According to the big lead, Stephen A. Smith will be added to the analyst panel for ESPN studio show, likely on Wednesday nights. The bombastic First Take host will give his NBA takes either to the delight or dismay of fans nationwide.

Via The Big Lead:

Stephen A. Smith is in ESPN’s plans for NBA studio coverage this upcoming season, The Big Lead has learned from multiple people with knowledge of the situation. An ESPN spokesperson declined to comment on the news.

Our sources indicate that Wednesday night is the most likely time for him to be involved, but cautioned that plans are not yet set in stone.

People lost their collective minds on Twitter this summer when it was announced that ESPN had given another huge contract to Stephen A. to continue to do… whatever Stephen A. does. Namely, yell and act incredulous in a way so insincere it’s hard to believe anyone is entertained by it, much less could take it at face value.

No doubt Smith will fill the role, aesthetically, that Charles Barkley does for TNT. He’ll talk in big, wild soundbites that get Twitter all riled up, thereby allowing some VP at the network to pitch his superiors about “leverage” and “engagement” from Smith’s appearances.

Good luck to everyone watching the NBA on national TV this year. Maybe locate where the mute button is on your remote now so you know where it is come autumn.

Gordon Hayward says he’s feeling confident in his ankle for next season

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Gordon Hayward still wasn’t particularly good last season. He never really looked all that comfortable playing with the Boston Celtics, and Brad Stevens’ insistence on playing him led to some reported rifts in the Boston locker room.

But Hayward is expected to come back at full strength this year, and it could be just in time for him to shine in light of Kyrie Irving‘s departure to the Brooklyn Nets.

His severely dislocated left ankle is now long behind him, and it appears that Hayward has been putting in the work necessary this summer. Speaking to Mass Live, Hayward said that he is starting to get more confident in his game.

Via Mass Live:

“Reps is what gives you confidence, so being able to do things over and over and over and not worry about how my ankle’s feeling, or having to be cautious with it, has been really good, especially for my confidence,” Hayward said. “I think last year was a lot of hoping and not really knowing what was going to happen just because I didn’t have the reps… going into a summer training as hard as I want to, it’s a lot better for my confidence this year and expectations-wise as well.”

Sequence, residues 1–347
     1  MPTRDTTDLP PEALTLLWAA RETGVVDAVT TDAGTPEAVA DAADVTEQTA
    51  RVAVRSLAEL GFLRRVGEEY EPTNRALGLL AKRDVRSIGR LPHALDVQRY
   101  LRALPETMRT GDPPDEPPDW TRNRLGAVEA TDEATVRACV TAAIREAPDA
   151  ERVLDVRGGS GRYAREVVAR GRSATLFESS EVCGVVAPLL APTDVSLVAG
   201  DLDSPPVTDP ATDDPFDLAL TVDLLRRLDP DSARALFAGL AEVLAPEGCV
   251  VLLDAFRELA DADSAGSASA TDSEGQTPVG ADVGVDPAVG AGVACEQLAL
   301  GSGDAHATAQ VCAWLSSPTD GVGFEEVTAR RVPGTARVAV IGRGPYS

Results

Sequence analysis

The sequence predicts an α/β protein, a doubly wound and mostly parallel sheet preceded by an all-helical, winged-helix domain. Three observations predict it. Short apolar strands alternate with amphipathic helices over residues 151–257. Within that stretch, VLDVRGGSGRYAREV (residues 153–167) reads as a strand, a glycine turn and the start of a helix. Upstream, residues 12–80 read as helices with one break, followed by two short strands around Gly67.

A healthy Hayward would really change the dynamic of the Celtics in the Eastern Conference this year. Losing Irving is huge, but Boston is going to have a real depth of talent on its hands if it can add Hayward to other wing talent Jaylen Brown, Jayson Tatum, and Marcus Smart.

It seems cliche to point out at this point, but people have slept on how good Hayward was on both sides of the ball during his time with the Utah Jazz. He’s a complete player at the small forward position when healthy, and bringing back his superstar firepower could ease the pain of losing Irving to Brooklyn.

Royce White questions why Lakers have Jared Dudley not ‘Melo; Dudley, others defend move

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There are a lot of people surprised that this deep into the summer, with NBA rosters largely filled out, Carmelo Anthony isn’t playing somewhere. Whether on Team USA or training with new teammates for an upcoming NBA season.

Among those confused, former NBA draft pick Royce White, who was outspoken on the issue — and called out both LeBron James and Jared Dudley — in speaking with Fanatics View.

Dudley responded to this, not directly to White but to a retweet of this rant, and did so in Dudley’s calm, rational way. His Tweet has since been taken down, but it said:

“This isn’t Melo vs myself, That man is a 1st ballot HOFer… We all want to see him back in the league… Royce seems uninformed when he speaks and this situation in calling my name out. This league is not about who’s better then who it’s what’s players make for the best Team.”

Kendrick Perkins and Jameer Nelson had Dudley’s back.

Dudley/Perkins/Nelson are spot on here. The reason Dudley is on an NBA roster and Anthony is not is all about willingness to fit in and play a role. Dudley knows exactly how to do that, accepting limited minutes off the bench, staying ready, and when he comes in playing hard, being a pest, and knocking down threes. Anthony is unquestionably still a better scorer, but he was unwilling to accept a role in both Oklahoma City and Houston (and his game now is that of a role player/sixth man). Anthony says that’s different now, but GMs are risk averse in most situations. Teams that might have interest in ‘Melo are concerned about the possible distraction and disruption, and they wonder if that risk is worth what Anthony brings to the court right now. It was the same with Team USA.

Some team should — and one likely eventually will — give Anthony another shot. He deserves it. However, teams thinking about a deep playoff run tend to like their chemistry and are wary of disruptions, so nothing has come out yet. Even if Royce White and a lot of other people think it should have.